The bulkhead is right behind the racing seats. With all black trim and no rear window, the back wall creates a claustrophobic feel you will find in no other 911. Apart from the cage around you, another clue to the GT1’s racing pedigree is the thick, black-painted steel linkage guide rod heading back from below the gearshift lever. Look for the handbrake in the normal place and your fingers quickly find this heavy-duty gear-linkage rod, which you can see transmitting your orders aft as you move the gear lever around.
The Le Mans-racer looks of the 2,535-pound GT1 make it the most visually arresting of these three Porsches, but its positively polite exhaust note will catch you off guard when someone else fires it up. While the racing GT1 produces a deeper and far louder soundtrack, the constraints of road-car legislation meant the street version had to be quieted to a level barely louder than a period 911 Turbo.
Inside the cabin, however, its sound is quite different. The powerful engine and its heavily silenced exhausts bark with a ferocity that will gladden the hearts of real enthusiasts and quicken their pulses. With the reciprocating parts working hard just behind your ears and the huge ram-air intake over your head, the stripped out interior amplifies the voice of the twin-turbo flat six. The noise is fabulous; a collection of gritty, mechanical sounds mixed with induction gurgles, the usual flat-six scream, and the whine of steel gears. At full chat, you can easily imagine reeling in the Mulsanne Straight.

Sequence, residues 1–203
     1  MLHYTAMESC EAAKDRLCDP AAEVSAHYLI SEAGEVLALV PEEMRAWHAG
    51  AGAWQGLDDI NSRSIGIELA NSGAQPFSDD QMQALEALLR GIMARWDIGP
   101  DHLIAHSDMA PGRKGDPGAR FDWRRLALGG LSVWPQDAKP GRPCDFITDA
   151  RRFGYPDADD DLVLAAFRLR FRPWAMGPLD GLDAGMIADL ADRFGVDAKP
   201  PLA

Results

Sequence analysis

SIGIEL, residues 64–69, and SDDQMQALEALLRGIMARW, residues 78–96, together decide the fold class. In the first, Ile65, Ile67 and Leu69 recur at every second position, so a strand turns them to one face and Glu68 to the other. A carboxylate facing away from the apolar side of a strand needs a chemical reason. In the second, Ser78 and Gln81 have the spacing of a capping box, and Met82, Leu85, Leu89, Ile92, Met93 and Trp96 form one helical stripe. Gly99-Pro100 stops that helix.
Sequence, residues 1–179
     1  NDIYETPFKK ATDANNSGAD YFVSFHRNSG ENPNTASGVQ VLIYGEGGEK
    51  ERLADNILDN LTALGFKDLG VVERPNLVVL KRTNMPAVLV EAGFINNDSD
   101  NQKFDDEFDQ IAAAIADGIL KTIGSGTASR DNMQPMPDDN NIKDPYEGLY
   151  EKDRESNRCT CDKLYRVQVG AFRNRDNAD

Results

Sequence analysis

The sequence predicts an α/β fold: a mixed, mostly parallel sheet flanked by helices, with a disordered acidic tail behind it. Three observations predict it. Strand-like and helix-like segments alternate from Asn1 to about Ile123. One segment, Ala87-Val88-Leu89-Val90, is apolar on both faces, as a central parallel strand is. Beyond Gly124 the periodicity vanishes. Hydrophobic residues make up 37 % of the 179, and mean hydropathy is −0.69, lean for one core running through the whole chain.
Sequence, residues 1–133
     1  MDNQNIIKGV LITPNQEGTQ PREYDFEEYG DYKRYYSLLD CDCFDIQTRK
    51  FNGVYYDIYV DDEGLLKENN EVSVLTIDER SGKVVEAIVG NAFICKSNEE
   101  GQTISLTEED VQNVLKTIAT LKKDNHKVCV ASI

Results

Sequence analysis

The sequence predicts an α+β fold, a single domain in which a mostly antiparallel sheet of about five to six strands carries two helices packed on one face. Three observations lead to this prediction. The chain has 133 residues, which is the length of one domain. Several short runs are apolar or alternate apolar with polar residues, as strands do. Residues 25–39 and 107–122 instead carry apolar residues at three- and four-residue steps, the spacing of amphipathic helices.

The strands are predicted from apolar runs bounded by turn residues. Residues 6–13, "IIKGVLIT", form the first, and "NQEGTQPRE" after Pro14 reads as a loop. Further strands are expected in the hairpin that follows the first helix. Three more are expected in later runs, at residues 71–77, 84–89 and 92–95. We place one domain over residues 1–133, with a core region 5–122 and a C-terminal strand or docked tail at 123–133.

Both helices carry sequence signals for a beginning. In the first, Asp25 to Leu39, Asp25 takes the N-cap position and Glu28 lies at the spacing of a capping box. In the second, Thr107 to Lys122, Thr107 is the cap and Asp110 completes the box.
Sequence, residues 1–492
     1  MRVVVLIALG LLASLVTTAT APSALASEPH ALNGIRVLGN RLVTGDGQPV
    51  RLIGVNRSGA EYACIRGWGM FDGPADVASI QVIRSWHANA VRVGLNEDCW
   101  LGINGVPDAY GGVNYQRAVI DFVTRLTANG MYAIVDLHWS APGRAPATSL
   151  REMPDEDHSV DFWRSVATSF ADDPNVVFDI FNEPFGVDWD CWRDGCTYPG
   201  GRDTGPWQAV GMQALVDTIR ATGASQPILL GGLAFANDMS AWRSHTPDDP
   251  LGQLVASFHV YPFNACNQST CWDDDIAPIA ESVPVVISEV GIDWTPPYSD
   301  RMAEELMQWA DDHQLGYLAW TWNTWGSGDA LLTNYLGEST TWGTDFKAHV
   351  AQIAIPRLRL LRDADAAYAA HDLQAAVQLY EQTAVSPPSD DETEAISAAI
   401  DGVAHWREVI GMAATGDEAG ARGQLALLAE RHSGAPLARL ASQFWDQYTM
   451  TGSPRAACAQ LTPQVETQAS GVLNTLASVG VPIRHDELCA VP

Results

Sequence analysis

The GT1’s reason for being is to go quickly, which it does with breathtaking ability. The clutch is heavy, but not unduly so. More importantly, it’s progressive and that makes it easy to get the GT1 off the line with less than 2000 rpm on the clock. As the clutch bites, revs drop to 1500 and the GT1 moves away smoothly with the familiar rattle of competition-grade steel gears. The six-speed gearbox uses the normal H-pattern. The knob itself will be familiar to 993 Carrera RS and GT2 owners.
In the GT1, however, the shifter needs a firm hand to guide it across the short-shifter’s gate. While first and second are easy to select, once you’ve pushed across the gate to find third, it has to be rammed home like a rifle bolt. It may seem like hard work for someone used to the slick, fingertip changes of a modern 911, but those who find the mastery of precision competition machines a challenge will find changing gears smoothly in the GT1 an immensely rewarding task.
The drive is enhanced by a wonderfully docile engine. While the race version I drove at Hockenheim had 600 bhp, the intercooled, twin-turbo 3163-cc GT1 motor has been detuned by around ten percent for street use. Fed by just one large throttle body rather than one ram intake per cylinder to increase tractability, the street-legal version develops 544 bhp at 7000 rpm and 443 lb-ft of torque at 4250 rpm.